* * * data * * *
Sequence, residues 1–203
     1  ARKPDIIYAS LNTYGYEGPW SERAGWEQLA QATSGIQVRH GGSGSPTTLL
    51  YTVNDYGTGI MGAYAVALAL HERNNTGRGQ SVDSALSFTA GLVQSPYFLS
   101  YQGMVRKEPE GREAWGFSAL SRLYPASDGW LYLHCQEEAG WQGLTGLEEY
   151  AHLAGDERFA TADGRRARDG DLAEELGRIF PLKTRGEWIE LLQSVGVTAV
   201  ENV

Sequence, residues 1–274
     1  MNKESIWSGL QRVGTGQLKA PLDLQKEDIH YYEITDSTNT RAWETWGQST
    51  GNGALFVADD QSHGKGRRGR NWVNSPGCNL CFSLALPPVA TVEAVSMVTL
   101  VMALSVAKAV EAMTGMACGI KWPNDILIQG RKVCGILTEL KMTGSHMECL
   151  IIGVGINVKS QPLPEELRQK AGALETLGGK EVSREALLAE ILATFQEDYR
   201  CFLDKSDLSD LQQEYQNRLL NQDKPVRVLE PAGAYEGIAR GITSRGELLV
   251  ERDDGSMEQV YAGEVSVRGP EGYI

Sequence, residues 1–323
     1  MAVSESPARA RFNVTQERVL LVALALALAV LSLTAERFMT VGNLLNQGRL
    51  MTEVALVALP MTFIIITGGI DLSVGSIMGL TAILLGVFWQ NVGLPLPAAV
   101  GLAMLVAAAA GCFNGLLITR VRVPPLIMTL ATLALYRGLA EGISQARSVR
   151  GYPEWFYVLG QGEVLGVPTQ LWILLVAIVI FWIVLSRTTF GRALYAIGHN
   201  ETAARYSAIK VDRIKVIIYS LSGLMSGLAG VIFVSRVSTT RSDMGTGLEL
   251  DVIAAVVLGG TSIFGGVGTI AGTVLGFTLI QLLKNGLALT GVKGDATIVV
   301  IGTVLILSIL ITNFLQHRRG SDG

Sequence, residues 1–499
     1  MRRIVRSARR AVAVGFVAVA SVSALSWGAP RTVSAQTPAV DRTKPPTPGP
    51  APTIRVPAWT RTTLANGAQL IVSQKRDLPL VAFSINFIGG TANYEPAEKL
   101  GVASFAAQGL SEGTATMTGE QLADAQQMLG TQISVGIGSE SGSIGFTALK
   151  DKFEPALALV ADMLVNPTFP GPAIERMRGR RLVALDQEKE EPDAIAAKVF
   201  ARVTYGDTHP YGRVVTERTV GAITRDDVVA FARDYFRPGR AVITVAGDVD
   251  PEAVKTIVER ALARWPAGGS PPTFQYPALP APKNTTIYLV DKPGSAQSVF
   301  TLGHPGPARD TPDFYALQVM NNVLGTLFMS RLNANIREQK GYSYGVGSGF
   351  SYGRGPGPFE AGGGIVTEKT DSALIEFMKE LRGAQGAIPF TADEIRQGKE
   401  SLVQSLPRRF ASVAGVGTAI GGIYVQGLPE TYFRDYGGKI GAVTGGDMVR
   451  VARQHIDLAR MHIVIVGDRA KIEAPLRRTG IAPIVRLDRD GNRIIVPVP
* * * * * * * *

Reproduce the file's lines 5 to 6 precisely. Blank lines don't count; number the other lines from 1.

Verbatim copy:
   151  AHLAGDERFA TADGRRARDG DLAEELGRIF PLKTRGEWIE LLQSVGVTAV
   201  ENV